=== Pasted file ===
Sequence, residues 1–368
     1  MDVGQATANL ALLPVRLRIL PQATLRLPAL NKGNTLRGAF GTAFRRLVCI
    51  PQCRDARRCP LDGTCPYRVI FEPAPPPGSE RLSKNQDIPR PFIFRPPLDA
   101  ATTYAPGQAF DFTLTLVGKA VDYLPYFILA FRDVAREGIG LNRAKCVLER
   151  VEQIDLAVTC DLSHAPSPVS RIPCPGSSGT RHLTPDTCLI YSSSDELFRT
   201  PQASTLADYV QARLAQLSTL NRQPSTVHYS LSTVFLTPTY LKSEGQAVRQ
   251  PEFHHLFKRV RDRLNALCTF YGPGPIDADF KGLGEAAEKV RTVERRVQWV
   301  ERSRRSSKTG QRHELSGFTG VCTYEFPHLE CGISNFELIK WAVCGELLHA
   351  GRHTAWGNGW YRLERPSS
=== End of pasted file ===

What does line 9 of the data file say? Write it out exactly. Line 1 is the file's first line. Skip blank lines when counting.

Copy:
   351  GRHTAWGNGW YRLERPSS